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How to Edit Your Blog Posts Like a Pro

Posted By Laney Galligan 22nd of November 2017 Writing Content 0 Comments

It’s every blogger’s worst nightmare.

Your latest post gets shared by a big-name blogger, and you start getting lots of traffic. Hurrah!

But then someone sends you an email (or worse, leaves a comment) pointing out a glaring mistake in the first paragraph.

Mistakes can knock your reader’s confidence in you. A study in the UK a few years ago suggested that spelling mistakes might be costing businesses millions of dollars.

Of course, editing isn’t just about fixing typos and spelling mistakes. It’s also about shaping your post so it’s easy for readers to engage with. Even if your post is free of grammatical and spelling mistakes, you’ll still lose readers if it takes forever to get to the point, or switches between topics too much .

Perhaps you’ve struggled to edit your posts effectively in the past. You may have spent hours tweaking them, only to feel the result wasn’t much better than what you started with. Or maybe you think it simply takes too long.

In this post, I’ll explain how to create a simple checklist to help you edit – just like we do here at Problogger.

Our Editing Process at ProBlogger

Every post we publish goes through the same streamlined editing process.

Several members of the ProBlogger team write content (mainly Darren and me), and we also publish posts from our subject matter experts. This means we need a clear, step-by-step editing process that makes it easy for everyone to collaborate. and ensures all posts follow our style guide.

Part of our process is this checklist template, which we apply to every post in CoSchedule.

Even if you’re the only person who ever writes for your blog, it still helps to have a clear editing process.

Also think about where you edit. If you’re working with outside parties (e.g. guest posters or companies/agencies providing sponsored content), you may want to use Google Docs like we do. You can collaborate with the author as you edit, and hand the post on to someone else who may be handling formatting and uploading.

If it’s just you, it’s still important to have a self-editing process. It could mean clearly separating your roles as “writer” and “editor” so you’re not trying to edit as you write.

I also recommend coming up with a checklist you can use again and again so you never  have to worry about missing a crucial step when editing a post. Here’s how.

Creating Your Own Editing Checklist

You probably already have a process you work through when editing, whether you realise it or not. Open a blank document and type out the typical steps you go through. For instance, maybe you always add the formatting (subheadings, bold text, lists, etc.) when you edit, rather than while you’re drafting.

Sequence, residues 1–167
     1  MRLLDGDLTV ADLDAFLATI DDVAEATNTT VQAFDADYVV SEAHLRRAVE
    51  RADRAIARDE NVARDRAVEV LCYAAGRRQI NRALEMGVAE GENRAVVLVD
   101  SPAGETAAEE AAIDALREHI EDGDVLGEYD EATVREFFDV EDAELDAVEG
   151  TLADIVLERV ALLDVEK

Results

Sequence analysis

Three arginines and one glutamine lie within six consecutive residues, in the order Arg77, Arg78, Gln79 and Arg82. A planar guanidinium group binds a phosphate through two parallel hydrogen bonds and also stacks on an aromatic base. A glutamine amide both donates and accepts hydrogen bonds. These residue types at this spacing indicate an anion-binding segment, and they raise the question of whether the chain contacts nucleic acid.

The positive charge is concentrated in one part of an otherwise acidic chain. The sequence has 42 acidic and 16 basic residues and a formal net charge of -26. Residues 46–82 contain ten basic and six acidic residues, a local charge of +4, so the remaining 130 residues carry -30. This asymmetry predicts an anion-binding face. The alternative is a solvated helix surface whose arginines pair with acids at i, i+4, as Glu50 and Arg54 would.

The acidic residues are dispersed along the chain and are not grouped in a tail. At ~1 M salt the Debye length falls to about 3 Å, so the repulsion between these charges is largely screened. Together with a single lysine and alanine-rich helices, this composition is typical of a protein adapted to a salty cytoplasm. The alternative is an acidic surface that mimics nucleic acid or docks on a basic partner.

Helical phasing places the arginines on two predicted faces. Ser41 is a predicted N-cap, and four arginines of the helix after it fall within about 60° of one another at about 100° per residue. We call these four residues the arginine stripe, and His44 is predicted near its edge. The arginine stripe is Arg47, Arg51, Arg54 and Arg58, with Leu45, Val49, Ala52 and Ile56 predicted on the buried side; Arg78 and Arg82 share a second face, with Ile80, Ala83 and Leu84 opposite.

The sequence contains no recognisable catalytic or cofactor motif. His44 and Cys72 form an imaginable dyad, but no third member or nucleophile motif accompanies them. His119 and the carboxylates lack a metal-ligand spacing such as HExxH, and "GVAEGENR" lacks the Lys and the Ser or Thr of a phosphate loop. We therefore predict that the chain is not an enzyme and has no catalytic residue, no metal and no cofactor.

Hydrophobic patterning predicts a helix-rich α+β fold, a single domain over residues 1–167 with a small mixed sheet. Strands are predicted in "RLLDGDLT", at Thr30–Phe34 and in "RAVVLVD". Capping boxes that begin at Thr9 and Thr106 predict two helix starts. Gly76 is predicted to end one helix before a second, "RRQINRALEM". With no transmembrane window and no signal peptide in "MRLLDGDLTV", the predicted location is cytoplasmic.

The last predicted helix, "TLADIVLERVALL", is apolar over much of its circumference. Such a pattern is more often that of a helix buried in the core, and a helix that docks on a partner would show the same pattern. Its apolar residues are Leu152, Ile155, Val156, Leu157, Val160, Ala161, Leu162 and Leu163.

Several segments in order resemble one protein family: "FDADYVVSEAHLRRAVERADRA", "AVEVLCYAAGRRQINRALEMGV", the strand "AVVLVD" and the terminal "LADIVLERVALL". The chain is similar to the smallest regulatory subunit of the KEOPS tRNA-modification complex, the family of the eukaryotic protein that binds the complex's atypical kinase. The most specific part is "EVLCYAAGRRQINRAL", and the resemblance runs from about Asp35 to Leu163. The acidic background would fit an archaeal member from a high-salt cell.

Now, see if anything is missing from your checklist. Here are some important things to include:

#1: Introduction

Make sure your introduction has a hook, ideally in the very first line. What will the reader gain from this post? Give them a clear reason to keep reading.

Avoid overly long introductions. You’ll lose readers when they’ve barely started on your post. One trick to try is to remove the first paragraph or two of your post entirely. Does it work just as well (or even better) without them?

Further reading: 10 Tips for Opening Your Next Blog Post, Darren Rowse

#2: Subheadings

Unless your post is very short, add subheadings to break it into sections. This helps all your readers. Those who skim for information can quickly find the relevant parts of your post, while those who read every word won’t feel lost in a sea of text.

You should format subheadings by using a heading tag. Make sure the hierarchy is correct (i.e don’t skip from H1 to H3). This is something we always check for here at ProBlogger.

Further reading: How to Use Subheadings to Add Structure to Your Blog Posts , Darren Rowse with Ali Luke

#3: Visual Breaks

Create white space in your post wherever possible. If you can put something into a bulleted list, do it. We also use the blockquote format to highlight key parts of a post. It gives the content more space, and makes it look more attractive.

Images can also create useful breaks in your post. They’re particularly useful if you’re giving instructions on how to do something, because you can show readers how it should look at each step.

Don’t be afraid to use one-sentence (or even one-word) paragraphs. They can be tremendously powerful. Smart Blogger and Copyblogger both make great use of them in their posts.

Further reading: How to Write a Great Paragraph, James Chartrand

#4: Extraneous Material

Delete anything that isn’t relevant to your post, no matter how witty, clever, or well-written it is. If you can’t bear to lose it completely, copy it into a ‘snippet’ file. You might be able to use it in a future post. (A great tip from Bill Harper who edits our posts.)

If your post includes a lot of detail to get beginners up to speed (or to give experienced readers extra food for thought), consider linking to that information in other posts (yours or someone else’s) instead. That way, you can give those who need more help (or want to go deeper) the information they need without everyone else getting bogged down in your post.

This doesn’t mean you can’t write long posts. Some topics require more space to cover all the details. Just make sure every paragraph is necessary.

Further reading: ProBlogger FAQ: How Long Should Posts Be?, Darren Rowse

#5: Conclusion

Make sure your post has a conclusion. Some bloggers have a tendency to end their posts abruptly – especially if they’ve written a list post. Remember, the last few lines of your post are an opportunity to leave your readers with a good impression. You can also give them a call to action, such as leaving a comment, sharing your post, or even buying your product.

Like introductions, conclusions don’t need to be long to be effective. But they do need to be there.

Further reading: 7 Powerful Ways to End Your Next Blog Post, Ali Luke

#6: Complex Sentences, Phrases and Words

Read your post out loud. Another great tip from Bill (that I don’t have the patience to do myself). Are any of your sentences too long? (You shouldn’t need to take a breath mid-way.) Are some a bit of a tongue-twister? Listen to how your writing sounds, and split up or rewrite any sentences you struggle with.